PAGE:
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    RBNZ Holds Rates, Ready to Deliver More Stimulus If Needed

    Abstract:New Zealands central bank maintained the size of its quantitative easing program and kept interest rates at a record low but said it is open to further stimulus if required to counter the impact of the coronavirus pandemic.

      New Zealands central bank maintained the size of its quantitative easing program and kept interest rates at a record low but said it is open to further stimulus if required to counter the impact of the coronavirus pandemic.

      “The Monetary Policy Committee is prepared to provide additional stimulus as necessary,” the Reserve Bank said Wednesday in Wellington after holding the official cash rate at 0.25% and keeping its Large Scale Asset Purchase program at NZ$60 billion ($39 billion). “As well as potentially expanding the LSAP program, the Committee continues to prepare for the use of additional monetary policy tools as needed.”

      New Zealand‘s success in containing Covid-19 allowed it to emerge from a nationwide lockdown earlier than the central bank expected, adding to signs that the economic slump won’t be as deep as it projected in May. Still, there may be a need for more stimulus as the virus continues to spread globally and new cases are caught at New Zealands border.

      In its record of meeting, the policy committee said that staff are working toward “ensuring a broader range of monetary policy tools would be deployable in coming months, including a term lending facility, reductions in the OCR, and foreign asset purchases, as well as reassessing the appropriate quantum of the current LSAP.”

      “We will outline the outlook for the LSAP program and our readiness to deploy alternative monetary policy tools in our August Statement,” the RBNZ said.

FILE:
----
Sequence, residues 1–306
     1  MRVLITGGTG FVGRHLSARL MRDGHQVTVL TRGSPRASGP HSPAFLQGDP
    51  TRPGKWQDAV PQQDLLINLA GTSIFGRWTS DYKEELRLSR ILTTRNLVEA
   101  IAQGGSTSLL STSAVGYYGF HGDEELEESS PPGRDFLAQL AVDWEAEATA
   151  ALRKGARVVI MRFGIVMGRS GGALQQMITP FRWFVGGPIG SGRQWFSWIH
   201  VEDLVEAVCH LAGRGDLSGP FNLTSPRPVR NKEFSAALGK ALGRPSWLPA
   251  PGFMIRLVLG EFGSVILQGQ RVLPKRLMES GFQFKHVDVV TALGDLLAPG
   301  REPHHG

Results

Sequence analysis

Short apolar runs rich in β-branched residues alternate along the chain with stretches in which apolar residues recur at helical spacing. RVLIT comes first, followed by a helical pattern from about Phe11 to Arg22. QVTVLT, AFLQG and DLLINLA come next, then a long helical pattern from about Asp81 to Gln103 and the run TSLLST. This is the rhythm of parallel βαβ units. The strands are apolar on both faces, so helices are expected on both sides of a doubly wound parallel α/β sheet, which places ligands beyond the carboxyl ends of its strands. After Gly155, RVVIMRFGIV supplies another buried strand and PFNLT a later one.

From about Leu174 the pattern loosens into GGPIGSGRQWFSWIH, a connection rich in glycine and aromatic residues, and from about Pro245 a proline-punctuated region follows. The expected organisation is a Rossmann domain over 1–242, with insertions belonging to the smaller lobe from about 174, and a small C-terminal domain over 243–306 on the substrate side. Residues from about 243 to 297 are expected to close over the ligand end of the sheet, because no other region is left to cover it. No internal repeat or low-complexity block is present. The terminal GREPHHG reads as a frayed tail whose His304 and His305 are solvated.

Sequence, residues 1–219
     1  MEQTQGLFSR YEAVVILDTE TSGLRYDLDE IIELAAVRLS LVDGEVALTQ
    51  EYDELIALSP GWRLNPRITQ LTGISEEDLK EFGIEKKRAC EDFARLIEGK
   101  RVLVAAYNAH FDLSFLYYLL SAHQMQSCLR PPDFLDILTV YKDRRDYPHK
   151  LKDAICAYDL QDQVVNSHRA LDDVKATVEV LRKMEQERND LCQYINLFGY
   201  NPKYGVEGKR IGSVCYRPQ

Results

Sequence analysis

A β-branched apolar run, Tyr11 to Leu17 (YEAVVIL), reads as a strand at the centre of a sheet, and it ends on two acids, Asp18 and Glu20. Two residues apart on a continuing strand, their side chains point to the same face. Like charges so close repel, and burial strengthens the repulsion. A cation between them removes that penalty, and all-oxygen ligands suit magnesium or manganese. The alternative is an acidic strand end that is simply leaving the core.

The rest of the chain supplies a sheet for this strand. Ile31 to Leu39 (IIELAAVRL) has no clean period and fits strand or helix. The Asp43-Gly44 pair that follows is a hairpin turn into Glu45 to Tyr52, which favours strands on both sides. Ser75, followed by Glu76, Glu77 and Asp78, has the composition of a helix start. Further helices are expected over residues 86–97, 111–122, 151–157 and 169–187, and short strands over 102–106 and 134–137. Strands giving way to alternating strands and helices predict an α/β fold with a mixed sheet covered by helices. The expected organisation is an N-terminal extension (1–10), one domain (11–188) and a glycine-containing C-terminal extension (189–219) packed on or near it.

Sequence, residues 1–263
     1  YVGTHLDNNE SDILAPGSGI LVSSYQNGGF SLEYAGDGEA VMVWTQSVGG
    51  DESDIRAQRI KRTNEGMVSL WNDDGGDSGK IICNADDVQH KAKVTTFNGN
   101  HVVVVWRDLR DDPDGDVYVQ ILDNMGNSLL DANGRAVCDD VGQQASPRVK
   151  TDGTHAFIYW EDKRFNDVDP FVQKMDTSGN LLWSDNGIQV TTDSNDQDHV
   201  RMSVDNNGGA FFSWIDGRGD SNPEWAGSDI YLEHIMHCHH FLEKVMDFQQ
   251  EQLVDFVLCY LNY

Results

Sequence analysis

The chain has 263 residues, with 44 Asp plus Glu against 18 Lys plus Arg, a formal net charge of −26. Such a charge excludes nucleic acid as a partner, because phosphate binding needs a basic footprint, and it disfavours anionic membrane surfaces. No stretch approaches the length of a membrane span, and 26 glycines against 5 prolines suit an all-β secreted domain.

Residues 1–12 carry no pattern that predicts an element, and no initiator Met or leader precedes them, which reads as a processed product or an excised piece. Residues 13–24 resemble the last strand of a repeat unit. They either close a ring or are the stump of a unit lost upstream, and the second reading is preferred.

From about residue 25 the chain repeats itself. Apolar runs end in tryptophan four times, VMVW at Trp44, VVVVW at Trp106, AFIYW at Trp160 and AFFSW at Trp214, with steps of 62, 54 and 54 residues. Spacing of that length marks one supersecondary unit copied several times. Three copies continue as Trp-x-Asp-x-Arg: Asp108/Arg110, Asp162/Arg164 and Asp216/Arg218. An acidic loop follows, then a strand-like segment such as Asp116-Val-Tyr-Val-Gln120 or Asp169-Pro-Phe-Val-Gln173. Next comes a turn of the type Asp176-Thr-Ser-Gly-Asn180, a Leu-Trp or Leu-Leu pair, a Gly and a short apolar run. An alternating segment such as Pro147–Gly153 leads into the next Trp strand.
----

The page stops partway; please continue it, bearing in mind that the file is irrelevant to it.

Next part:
The New Zealand dollar fell on the statement. It bought 64.88 U.S. cents at 2:30 p.m. in Wellington, down from 65 cents beforehand. The RBNZ said the recent appreciation of the kiwi has placed further pressure on export earnings and damped the outlook for inflation.

      ‘Some Confidence’

      At the same time, it signaled some increased confidence in the economic outlook, noting New Zealand‘s success in battling Covid-19 and saying the government’s fiscal response has been larger than expected. “These outcomes give cause for some confidence but significant economic challenges remain,” it said.

      “The RBNZ has continued to reiterate that it is prepared to do more stimulus if needed, and is working on getting the monetary tool kit fleshed out,” said Nick Tuffley, chief economist at ASB Bank in Auckland. The statement had “a dovish tinge to it” through the discussion of the merits of expanding the asset purchase program, he said.

      The RBNZ said the cash rate remained on hold in accordance with the guidance it issued in March. It did not, however, reaffirm that guidance, which was to keep the OCR at 0.25% at least until March next year.

      “The severe global economic disruption caused by the COVID-19 pandemic is persisting, leading to lower economic activity, employment, and inflation abroad and in New Zealand,” the RBNZ said. “The negative economic impact on New Zealand is exacerbated by the required international border restrictions, as the vast majority of the world battles to contain the pandemic.”

      The economy shrank 1.6% in the first quarter -- the most in 29 years -- and economists expect a contraction of as much as 20% in the three months through June 30, when most of the lockdown occurred. The jobless rate is projected to rise to as high as 10% by the end of the year, while annual inflation will slow below the 1-3% range the RBNZ targets and may briefly go negative, analysts say.

      The RBNZ will issue new forecasts at its next Monetary Policy Statement on Aug. 12.

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